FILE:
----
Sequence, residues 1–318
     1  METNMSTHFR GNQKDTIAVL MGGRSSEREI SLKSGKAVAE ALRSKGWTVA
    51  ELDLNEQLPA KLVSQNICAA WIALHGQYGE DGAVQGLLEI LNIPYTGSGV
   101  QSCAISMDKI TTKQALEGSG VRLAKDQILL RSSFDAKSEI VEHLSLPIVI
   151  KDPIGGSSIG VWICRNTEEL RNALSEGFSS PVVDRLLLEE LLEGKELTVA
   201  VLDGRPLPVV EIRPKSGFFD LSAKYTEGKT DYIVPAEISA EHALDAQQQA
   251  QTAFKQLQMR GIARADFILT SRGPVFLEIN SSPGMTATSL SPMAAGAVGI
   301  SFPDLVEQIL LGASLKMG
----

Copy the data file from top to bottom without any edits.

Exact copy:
Sequence, residues 1–318
     1  METNMSTHFR GNQKDTIAVL MGGRSSEREI SLKSGKAVAE ALRSKGWTVA
    51  ELDLNEQLPA KLVSQNICAA WIALHGQYGE DGAVQGLLEI LNIPYTGSGV
   101  QSCAISMDKI TTKQALEGSG VRLAKDQILL RSSFDAKSEI VEHLSLPIVI
   151  KDPIGGSSIG VWICRNTEEL RNALSEGFSS PVVDRLLLEE LLEGKELTVA
   201  VLDGRPLPVV EIRPKSGFFD LSAKYTEGKT DYIVPAEISA EHALDAQQQA
   251  QTAFKQLQMR GIARADFILT SRGPVFLEIN SSPGMTATSL SPMAAGAVGI
   301  SFPDLVEQIL LGASLKMG